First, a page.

friends of dufferin grove park
Rink Stories 2000-2001

From our newsletters:

Related pages:

See also:

Rink Stories 2002

Rink Stories 2003

Rink Stories 2004


[Nov.2000] Rink opening:

This year the city's outdoor artificial ice rinks will open at 9 a.m. on Friday December 1. The rinks are open every day (including Christmas Day and New Year's Day), until the end of the rink season on February 25. Admission is free, and at Dufferin Rink the pleasure-skating side will always remain accessible for skaters even after the rink closes for the night (the same as at Wallace-Emerson, Rennie Rink, City Hall, and Ryerson rink).

Last year Dufferin Rink opened late because the floor of the compressor room needed sudden major repairs, and so did the drains. Dave Dermott, the facilities supervisor, tells us the floor looks in fine shape this year, and so do the drains.

Nothing ever runs smooth, though. The new technical standards legislation was held up again this past year, and so the city is again forced to hire expensive refrigeration compressor operators whose job is redundant but who are still mandated by the outdated legislation. The president of the Technical Safety Standards Authority promised us last year that if the new legislation (removing the compressor operator requirement) is delayed, city rinks could get an exemption, and thereby save sorely needed money for their shrunken budgets. Now that promise seems to be in danger of not being kept. We'll keep you posted, in case you ought to call your MPP and talk to him about the common-sense revolution and money-wasting.


[Jan.2001] What is a rink?

DowntownToronto's acting director of Parks and Recreation, John Macintyre, was quoted in the Toronto Star on December 23 saying that outdoor rinks are considered a "fundamental service" and are therefore still free for the citizens. He said "it gets people out and being active." We agree the rinks should be free, and for more reasons than that they get you out moving your knees and your elbows in the open air. Rinks are also a great place to see who your neighbours are, and maybe talk to them. That's why we put effort into making the rink house a comfortable, friendly place. There's no extra money to do this: our rink has two staff at a time just like all other rinks, sometimes only one staff. Some of those staff are pretty young and working at a paid (minimum wage) job for the first time. But they are trying hard. Often our rink house is a happening place, with lots of people talking or eating oatmeal cookies or playing chess or reading stories to their kids by the wood stove. These inside activities are just as popular as the outdoor skating - they go together! Sadly, most rink buildings in Toronto are mainly just places (sometimes pretty squalid-looking) to change your shoes: a great opportunity for building up a neighbourhood, lost.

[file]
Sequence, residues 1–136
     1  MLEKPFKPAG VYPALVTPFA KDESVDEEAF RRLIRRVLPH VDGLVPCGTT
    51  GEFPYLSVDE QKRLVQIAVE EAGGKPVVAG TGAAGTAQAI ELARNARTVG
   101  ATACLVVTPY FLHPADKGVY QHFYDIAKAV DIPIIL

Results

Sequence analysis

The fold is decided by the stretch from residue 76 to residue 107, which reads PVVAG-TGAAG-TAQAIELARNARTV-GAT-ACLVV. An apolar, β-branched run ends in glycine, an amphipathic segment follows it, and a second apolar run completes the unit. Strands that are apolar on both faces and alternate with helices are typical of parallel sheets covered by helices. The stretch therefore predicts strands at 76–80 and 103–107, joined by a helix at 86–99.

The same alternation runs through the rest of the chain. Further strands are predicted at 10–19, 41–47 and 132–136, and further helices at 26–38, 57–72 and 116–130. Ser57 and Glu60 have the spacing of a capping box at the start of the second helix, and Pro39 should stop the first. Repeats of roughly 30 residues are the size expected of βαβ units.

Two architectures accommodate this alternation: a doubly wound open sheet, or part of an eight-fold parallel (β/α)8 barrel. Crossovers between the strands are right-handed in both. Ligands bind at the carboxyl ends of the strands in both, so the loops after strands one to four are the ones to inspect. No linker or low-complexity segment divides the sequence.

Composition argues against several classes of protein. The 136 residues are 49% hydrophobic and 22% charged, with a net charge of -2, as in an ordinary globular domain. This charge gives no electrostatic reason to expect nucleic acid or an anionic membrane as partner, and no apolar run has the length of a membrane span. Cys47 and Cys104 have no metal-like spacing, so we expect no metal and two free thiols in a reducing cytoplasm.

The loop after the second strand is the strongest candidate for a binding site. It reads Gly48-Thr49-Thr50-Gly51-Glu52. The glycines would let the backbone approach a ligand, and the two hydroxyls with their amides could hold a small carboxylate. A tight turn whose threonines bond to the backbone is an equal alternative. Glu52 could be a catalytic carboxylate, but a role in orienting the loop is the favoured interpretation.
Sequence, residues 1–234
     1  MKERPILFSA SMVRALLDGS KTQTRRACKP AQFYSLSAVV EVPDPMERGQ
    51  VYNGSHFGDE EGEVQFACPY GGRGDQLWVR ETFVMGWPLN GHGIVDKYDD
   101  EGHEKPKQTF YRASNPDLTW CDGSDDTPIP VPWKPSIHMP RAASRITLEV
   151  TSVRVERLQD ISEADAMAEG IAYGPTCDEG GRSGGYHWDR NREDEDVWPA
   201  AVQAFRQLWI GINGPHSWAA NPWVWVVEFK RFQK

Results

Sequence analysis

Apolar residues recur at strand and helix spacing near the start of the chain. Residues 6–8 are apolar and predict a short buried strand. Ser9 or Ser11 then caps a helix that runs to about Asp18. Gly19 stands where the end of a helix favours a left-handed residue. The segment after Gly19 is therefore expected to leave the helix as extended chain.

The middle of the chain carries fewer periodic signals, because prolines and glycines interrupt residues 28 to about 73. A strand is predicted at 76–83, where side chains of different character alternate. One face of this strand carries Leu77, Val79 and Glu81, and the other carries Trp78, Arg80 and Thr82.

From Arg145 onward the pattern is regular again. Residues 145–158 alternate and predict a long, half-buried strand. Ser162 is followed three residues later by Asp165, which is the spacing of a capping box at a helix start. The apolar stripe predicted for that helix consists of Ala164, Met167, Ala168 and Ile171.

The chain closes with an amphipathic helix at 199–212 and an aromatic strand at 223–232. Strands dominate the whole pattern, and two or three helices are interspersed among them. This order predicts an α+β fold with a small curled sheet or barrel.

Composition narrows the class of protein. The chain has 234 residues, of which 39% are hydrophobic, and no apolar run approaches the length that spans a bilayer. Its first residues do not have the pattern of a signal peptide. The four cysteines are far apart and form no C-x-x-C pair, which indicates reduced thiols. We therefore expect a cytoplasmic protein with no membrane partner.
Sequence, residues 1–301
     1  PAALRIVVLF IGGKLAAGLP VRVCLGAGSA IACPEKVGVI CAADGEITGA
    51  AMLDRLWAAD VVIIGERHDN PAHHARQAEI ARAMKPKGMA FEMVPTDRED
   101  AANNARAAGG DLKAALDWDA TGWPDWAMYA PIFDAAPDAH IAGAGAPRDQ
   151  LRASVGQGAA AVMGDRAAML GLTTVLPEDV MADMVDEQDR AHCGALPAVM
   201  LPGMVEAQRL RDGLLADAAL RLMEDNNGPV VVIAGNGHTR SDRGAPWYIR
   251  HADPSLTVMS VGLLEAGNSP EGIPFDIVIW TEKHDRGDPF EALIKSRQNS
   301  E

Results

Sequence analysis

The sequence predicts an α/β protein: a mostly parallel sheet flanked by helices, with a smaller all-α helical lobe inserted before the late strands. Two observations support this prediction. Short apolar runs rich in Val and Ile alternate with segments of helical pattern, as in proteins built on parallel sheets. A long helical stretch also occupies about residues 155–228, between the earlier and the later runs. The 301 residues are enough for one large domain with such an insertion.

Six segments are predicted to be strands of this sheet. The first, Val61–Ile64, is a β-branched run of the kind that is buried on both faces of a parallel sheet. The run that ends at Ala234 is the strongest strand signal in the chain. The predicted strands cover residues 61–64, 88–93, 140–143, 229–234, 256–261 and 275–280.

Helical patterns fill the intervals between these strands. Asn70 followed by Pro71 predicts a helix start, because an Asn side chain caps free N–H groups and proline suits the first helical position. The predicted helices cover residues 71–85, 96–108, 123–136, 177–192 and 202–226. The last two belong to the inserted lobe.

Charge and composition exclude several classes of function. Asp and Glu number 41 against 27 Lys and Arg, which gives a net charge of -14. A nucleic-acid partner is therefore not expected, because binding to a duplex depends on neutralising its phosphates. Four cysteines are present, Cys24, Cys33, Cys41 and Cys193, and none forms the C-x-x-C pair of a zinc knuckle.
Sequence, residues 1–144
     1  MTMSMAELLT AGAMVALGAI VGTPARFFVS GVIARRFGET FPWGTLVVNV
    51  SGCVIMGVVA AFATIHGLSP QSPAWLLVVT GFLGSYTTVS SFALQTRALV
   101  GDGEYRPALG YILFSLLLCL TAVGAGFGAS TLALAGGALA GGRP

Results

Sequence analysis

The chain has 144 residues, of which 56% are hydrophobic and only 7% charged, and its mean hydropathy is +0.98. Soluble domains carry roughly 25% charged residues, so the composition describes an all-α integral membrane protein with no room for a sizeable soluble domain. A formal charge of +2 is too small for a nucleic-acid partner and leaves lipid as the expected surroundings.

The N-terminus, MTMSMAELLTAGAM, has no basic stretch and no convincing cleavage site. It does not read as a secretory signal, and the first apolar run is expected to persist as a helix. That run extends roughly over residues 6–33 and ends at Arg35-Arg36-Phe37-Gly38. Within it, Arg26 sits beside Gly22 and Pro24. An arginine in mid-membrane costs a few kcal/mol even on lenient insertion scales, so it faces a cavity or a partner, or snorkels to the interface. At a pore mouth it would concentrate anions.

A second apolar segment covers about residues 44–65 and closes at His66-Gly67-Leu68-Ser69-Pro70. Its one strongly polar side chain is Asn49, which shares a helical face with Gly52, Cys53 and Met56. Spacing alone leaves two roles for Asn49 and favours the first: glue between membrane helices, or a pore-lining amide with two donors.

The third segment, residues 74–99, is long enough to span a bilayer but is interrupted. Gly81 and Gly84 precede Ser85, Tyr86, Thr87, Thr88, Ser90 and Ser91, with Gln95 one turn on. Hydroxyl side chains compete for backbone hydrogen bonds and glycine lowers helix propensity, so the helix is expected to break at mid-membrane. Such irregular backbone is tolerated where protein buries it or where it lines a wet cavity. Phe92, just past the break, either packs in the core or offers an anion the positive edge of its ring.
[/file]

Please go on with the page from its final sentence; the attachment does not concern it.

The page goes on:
[Jan.2001] Shinny hockey:

Last year Wayne Gretzky worried in print about the disappearance of informal shinny hockey, which he said was what keeps hockey vital - not the organized games with the coaches and the schedules, but the opportunity to play for hours on an outdoor rink just for sheer fun of it. Luckily, at our rink we still have far more shinny time than closed-permit time, and there are kids (and some adults) who play all day long when they have the chance. Some kids come inside just long enough to swallow four mini-pizzas and two cookies and three fruit drinks and then they're back outside for two more hours. Portuguese kids seem particularly fond of hockey, although one sees young people of every background and every skill level.